Overall, the aforementioned findings indicate that C1GALT1 promotes tumor development. However, in other cases, C1GALT1 may also have a tumor-suppressing effect.

C1GALT1 as a tumor suppressor

In the aforementioned types of tumor, C1GALT1 expression is usually upregulated during tumorigenesis. However, the expression levels of C1GALT1 in colorectal and pancreatic cancer are different from the aforementioned types of tumor.

Pancreatic cancer

The loss of C1GALT1 in mice caused increased truncated O-glycan expression, which caused the metastasis of pancreatic ductal adenocarcinoma (PDAC) (30). Genetically engineered KPC and KPCC mice models were created by breeding KrasG12D/+, Pdx1-Cre and LSLTrp53R172H/+ with C1galt1loxP/loxP (30). The KPC pattern was adopted to create pancreas-specific C1GALT1 depletion (KPCC mice) and monitor pancreatic tumor progression and growth in these mice (30). The survival time of KPCC mice (median, 102 days) was longer compared with that of KPC mice (median, 200 days), and KPCC mice developed early pancreatic intraepithelial neoplasia at 3 weeks, PDAC at 5 weeks and metastases at 10 weeks compared with KPC mice (30). Moreover, metastases to distant organs in KPC mice were observed after 20 weeks (30). Compared with other PDAC animal patterns, KPCC is considered to be the predominant PDAC mouse pattern to present primary metastasis (117,118). Compared with KPC mice, pancreatic tumors in KPCC mice have been considered to be more metastatic and aggressive, and Tn production is increased, while the number of stromata is decreased (30). Pathological analysis of tumor tissues has shown that most KPCC tumors are poorly differentiated or undifferentiated, while most KPC animals have moderate to highly differentiated tumors (30). It is worth noting that when C1GALT1 is conditionally inactivated without the background of carcinogenic mutations, the pancreas appears normal (30). This indicates that loss of C1GALT1 alone does not lead to the formation of PDAC. Loss of C1GALT1 is associated with p53 and KRAS mutations leading to faster progression of PDAC (30).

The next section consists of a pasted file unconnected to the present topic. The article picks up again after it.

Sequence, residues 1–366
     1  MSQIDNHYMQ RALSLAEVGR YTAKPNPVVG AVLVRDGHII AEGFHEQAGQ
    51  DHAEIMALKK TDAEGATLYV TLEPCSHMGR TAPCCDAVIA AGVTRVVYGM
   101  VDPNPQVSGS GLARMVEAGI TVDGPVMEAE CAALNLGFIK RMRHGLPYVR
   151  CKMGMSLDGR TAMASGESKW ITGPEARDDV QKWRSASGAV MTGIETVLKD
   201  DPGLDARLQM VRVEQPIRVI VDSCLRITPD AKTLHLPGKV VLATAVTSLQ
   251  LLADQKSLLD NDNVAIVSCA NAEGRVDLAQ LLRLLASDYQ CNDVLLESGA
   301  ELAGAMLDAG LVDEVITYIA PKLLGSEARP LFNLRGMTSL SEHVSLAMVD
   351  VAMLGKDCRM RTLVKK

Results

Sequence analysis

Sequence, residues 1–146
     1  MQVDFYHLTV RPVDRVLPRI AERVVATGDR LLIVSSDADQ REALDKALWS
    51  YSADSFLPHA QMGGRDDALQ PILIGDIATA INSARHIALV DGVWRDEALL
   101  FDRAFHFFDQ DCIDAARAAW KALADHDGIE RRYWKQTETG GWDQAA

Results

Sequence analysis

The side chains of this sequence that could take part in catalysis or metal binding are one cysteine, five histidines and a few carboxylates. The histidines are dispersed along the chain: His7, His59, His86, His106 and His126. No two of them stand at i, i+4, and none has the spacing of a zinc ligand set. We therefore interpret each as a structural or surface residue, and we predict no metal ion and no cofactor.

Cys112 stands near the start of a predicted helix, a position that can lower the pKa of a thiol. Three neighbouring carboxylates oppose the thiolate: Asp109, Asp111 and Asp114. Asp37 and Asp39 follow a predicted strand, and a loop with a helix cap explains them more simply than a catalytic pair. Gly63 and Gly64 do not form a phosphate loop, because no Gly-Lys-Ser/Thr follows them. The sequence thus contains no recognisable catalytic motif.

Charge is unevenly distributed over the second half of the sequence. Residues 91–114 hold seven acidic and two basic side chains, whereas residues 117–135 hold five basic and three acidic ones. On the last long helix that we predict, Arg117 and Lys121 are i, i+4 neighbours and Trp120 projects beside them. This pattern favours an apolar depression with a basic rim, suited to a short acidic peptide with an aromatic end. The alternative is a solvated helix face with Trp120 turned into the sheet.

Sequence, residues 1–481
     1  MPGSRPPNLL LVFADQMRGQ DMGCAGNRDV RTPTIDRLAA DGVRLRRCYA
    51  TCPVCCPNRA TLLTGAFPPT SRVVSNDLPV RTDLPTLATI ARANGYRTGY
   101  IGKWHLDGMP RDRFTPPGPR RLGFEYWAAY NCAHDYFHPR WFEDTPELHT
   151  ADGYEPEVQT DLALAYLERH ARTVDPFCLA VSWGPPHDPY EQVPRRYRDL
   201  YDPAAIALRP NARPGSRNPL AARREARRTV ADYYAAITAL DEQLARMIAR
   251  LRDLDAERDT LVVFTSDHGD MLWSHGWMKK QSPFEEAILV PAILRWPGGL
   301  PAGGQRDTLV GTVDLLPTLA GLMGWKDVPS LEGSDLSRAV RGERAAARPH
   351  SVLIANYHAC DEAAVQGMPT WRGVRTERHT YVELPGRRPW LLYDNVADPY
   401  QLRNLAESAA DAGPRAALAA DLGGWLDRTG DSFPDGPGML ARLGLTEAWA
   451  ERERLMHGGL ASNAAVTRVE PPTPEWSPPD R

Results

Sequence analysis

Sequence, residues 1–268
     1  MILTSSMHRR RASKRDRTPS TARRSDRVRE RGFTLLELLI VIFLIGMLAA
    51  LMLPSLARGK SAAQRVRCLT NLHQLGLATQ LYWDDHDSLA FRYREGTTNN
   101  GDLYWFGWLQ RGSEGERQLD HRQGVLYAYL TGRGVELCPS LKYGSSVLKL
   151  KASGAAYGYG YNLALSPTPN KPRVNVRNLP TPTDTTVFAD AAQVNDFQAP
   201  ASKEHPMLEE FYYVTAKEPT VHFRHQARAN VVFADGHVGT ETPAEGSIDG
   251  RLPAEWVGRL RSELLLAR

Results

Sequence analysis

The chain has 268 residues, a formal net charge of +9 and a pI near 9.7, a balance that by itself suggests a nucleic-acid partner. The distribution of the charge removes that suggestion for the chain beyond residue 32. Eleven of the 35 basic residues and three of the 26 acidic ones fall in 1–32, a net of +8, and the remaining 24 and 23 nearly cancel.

According to experiments performed in cell lines, human PDAC cells with C1GALT1 gene knockout have greatly developed MUC16 abnormal glycosylation, tumorigenicity and invasion, proliferation and increased expression of Tn carbohydrate antigen compared with a control group (PDAC cells without C1GALT1-knockout) (30). Growth factor receptor activation, such as HER2 and EGFR, as well as activation of downstream effectors, such as Akt and focal adhesion kinase (FAK) proteins, is promoted, and MUC16 activates metastasis signals and interacts with FAK (119). PDAC cell migration is induced by the activated signals of Akt and FAK, which may possibly explain the increased migration of C1GALT1-knockout cells (30). It is necessary to conduct further research on this topic in the future.

Colorectal cancer (CRC)